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How do firms select a supplier for an innovative component? Three literatures speak to this question. Transaction cost economics focuses on the value of internalization, the literature on inter-firm relationships on the value of past relationships, and the firm capabilities literature on the value of superior capabilities. Choosing a supplier means choosing(More)
M odularity in product design and flexible supply chains is increasingly common in buyer–supplier relationships. Although the benefits of supply chain flexibility and component modularity for end-product manufacturers are accepted, little is known about their impact on suppliers. We advance the literature on mod-ularity by exploring how three aspects of a(More)
The research program of the Center for Economic Studies (CES) produces a wide range of economic analyses to improve the statistical programs of the U.S. Census Bureau. Many of these analyses take the form of CES research papers. The papers have not undergone the review accorded Census Bureau publications and no endorsement should be inferred. Any opinions(More)
The tacit assumption that increased product modularity is associated with advantageous increases in organizational modularity underlies much of the literature on modularity. Previous empirical investigations of this assumption, few in number, have faced numerous confounding factors and generated conflicting results. I build a causal model for the(More)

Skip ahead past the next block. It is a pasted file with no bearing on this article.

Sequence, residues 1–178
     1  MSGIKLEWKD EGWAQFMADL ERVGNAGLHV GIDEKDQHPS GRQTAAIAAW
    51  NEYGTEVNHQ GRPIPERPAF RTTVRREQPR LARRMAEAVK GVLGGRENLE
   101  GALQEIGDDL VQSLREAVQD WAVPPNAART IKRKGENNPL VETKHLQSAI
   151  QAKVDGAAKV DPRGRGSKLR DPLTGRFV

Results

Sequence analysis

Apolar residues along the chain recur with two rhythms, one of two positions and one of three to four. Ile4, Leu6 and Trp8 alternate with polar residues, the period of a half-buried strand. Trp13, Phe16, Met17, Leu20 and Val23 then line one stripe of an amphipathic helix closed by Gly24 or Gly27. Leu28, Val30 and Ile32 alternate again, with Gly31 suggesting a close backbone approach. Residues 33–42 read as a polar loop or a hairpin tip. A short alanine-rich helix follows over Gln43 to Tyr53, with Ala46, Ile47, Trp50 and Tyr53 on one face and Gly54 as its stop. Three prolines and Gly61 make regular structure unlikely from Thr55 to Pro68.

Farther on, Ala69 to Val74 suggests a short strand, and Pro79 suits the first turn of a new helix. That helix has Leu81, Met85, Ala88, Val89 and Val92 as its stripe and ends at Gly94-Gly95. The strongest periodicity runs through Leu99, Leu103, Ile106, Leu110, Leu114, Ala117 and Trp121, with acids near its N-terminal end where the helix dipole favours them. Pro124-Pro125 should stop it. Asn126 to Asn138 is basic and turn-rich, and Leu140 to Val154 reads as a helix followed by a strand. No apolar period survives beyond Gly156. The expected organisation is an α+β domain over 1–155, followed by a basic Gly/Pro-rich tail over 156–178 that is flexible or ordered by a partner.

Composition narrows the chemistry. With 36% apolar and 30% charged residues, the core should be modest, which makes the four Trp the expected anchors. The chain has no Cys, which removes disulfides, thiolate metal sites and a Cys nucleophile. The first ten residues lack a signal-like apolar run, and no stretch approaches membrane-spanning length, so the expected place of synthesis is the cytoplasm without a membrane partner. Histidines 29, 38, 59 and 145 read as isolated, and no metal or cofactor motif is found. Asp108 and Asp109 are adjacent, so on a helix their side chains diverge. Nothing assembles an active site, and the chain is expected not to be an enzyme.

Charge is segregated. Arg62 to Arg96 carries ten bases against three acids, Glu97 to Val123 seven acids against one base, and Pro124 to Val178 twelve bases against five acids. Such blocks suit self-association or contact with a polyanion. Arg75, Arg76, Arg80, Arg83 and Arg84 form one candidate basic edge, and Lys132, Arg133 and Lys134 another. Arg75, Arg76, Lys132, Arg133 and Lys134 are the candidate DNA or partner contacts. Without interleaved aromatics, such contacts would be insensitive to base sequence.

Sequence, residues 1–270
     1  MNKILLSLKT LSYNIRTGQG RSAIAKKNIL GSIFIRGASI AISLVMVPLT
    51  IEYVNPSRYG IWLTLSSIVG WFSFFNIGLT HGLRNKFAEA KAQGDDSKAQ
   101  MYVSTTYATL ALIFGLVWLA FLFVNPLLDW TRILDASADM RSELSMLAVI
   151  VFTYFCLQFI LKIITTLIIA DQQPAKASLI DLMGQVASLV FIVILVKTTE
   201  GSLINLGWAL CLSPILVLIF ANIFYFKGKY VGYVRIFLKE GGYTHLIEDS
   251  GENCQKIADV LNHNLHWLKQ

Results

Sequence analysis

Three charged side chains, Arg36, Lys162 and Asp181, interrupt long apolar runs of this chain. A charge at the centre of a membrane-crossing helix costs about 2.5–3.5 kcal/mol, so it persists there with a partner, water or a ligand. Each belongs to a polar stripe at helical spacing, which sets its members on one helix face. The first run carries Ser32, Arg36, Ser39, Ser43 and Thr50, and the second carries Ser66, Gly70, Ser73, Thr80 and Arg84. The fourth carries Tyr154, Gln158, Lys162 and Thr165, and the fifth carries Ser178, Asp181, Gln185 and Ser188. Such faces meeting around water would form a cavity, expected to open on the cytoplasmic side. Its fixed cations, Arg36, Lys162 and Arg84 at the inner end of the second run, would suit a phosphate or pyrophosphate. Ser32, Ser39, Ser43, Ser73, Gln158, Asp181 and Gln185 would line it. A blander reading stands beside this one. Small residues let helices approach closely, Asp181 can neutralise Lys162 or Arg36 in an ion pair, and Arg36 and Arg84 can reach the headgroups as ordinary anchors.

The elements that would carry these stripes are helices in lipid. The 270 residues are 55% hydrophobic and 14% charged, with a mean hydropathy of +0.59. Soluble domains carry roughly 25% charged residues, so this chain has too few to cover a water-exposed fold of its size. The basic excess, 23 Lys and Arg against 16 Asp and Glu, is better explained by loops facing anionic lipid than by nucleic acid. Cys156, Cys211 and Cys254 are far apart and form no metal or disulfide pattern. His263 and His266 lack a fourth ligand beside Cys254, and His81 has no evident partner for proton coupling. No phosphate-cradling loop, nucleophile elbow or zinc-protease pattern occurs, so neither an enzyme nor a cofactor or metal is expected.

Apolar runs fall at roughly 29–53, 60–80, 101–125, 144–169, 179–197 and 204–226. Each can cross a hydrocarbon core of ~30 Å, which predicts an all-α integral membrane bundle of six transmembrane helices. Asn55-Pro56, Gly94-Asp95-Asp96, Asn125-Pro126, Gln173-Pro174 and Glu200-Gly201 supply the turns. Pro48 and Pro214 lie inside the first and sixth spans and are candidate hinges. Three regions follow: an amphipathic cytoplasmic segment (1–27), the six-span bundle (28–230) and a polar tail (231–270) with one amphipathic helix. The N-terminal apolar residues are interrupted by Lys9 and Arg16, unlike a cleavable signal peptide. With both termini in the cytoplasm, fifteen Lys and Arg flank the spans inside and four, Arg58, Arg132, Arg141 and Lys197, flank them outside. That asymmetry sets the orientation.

We review William Starbuck and Moshe Farjoun's Organization at the Limit: Lessons from the Columbia Disaster, a book that provides a unique look at a rare empirical phenomenon: the total failure of a high−risk, high−reward organization. The National Aeronautics Space Administration (NASA) is a large, elaborate, and mature organization, which operates risky(More)
Almost every business network exists in the context of a larger organizational population, but research has not produced a clear understanding of how similar firms outside a focal network influence the performance of network members. The existing literature offers two conflicting arguments and sets of results. One approach views the direct and indirect ties(More)
This paper identifies firm−level competitive activity, one of the key units of analysis in competitive dynamics research, as the fundamental mediation between corporate governance and firm−level financial performance. By employing the " Motivation−Capability " logic embodied in the competitive dynamics research literature, we reclassify various practices of(More)